Sales are not good for you

Another Thanksgiving, another Black Friday sale. Do we need another dress or a pair of jeans on Nov 23rd? Probably not. We still head online or to a mall to browse deals and buy more stuff. Don't take me wrong; I do love to buy another dress or a top even though I do not need one.


This Black Friday made me think about the magic of the word "sale." Why is it that most of us spend money freely during a sale promotion? Part of it must be the idea that we are saving money. We check out an item (we do not need), see the price drop and think we are scoring a great deal. The bigger the percentage drop, the more eager we are to get this item. The biggest mistake is we do not realize that we do not need this item. The only reason we noticed the sale deal was because we came into the store or browsed online. Had we never paid attention to a sale, we would have never bought this item.


Let's be honest. When we need something, most of the time, we get it in the foreseeable future. We don't make plans to buy it during a sale. We get what we want (a reasonably priced item).


The fear of “missing out” is heightened by the knowledge that you’re competing with others. For many this turns into what I like to call competitive sport shopping. Winning is the goal, sometimes even more so than what we’re buying. https://www.psychologytoday.com/us/blog/the-why-behind-the-buy/201301/why-clearance-sales-are-psychologically-irresistable

Another problem is our society. Black Friday sales are a tradition for most of the families - more precisely a competition in "who got the best deal." Family members and friends head to a mall to score the best deals. After the shopping spree, a busy morning is followed by brunch/lunch during which all share their stories about great deals they scored. We cannot wait to see the faces of people when we share that the sweater we got was 80% off. 80% off! This makes us somehow better, smarter, or thriftier? No! We are just a bragging consumer who wants justification, approval, and praise from our peers.


[S]ome retailers use “fictitious pricing,” a practice where retailers list an original price on a product that does not truthfully reflect prior selling prices, to boost sales. https://www.psychologytoday.com/us/blog/the-why-behind-the-buy/201301/why-clearance-sales-are-psychologically-irresistable

The third problem is the trick that many stores employ to make you believe you are scoring a fantastic deal. Each sale item lists an original price as well as a sale price. Stores arbitrary assign higher prices to show a substantial percentage drops in price. We, again, think that we are getting a super deal, and of course, buy a useless item.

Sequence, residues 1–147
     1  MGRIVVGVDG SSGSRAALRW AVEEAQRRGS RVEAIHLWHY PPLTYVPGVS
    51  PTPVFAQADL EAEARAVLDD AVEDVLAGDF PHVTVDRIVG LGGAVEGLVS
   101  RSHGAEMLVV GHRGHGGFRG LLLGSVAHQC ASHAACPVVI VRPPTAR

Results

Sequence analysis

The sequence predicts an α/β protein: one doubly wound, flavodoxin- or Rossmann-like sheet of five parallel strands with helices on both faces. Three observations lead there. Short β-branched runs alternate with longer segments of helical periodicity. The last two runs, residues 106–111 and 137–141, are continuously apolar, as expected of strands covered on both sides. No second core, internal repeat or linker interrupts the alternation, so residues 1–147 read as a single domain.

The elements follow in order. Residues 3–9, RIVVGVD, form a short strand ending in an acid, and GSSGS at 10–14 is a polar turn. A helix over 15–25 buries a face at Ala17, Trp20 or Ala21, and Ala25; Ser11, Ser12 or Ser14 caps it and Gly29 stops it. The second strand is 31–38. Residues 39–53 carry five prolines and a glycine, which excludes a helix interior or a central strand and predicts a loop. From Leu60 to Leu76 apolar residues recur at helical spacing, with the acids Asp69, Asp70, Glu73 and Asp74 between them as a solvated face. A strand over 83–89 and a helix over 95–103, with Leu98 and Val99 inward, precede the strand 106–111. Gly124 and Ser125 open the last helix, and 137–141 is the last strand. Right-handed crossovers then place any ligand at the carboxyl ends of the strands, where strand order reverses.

All the deals, promotions, friend's posts on social media, and a need to show off makes us focus on the "savings" we are getting. We forget that to "save," we need to spend. And because the focus is on savings, we forget to count how much we are spending. Have you ever looked at your account after a sale shopping spree and, sadly, realized that you spent way too much, that another dress or a pair of shoes was not necessary and brings you no joy. That in the moment, you felt so happy to score this deal, but just a few days later you don't even care about it.


The sales thought took me a step further to a question of regular consumption. In our day and age, we are bombarded with sales, promotions, and deals on new fresh ideas/trends/celebrity fashion lines that we are never pleased with what we bought just days ago. The next day, there will be another cleaver targeted promotion that you have to explore and purchase what it advertises. The cycle never ends, and that is exactly what advertisers want.


I feel that shopping is a lot like dating - many people have a hard time settling down because of the fear that someone better is still waiting for them. Same with physical items. We are never in love with the things we own. We see something new and regret what we bought just yesterday. We see a celebrity wearing a new style, and we have to have it. We are so blinded by a desire to belong to a "club."


What about thinking a little bit more long-term? What about buying things that are timeless, classic, and chic? What about being independent and have a voice? I am not saying to never experiment or have a trendy item. Please DO buy whatever you want but be smart. Use your money and time wisely. Make sure that whatever you do is for YOU, and not for your Facebook friends or Instagram likes (unless it is the only purpose).


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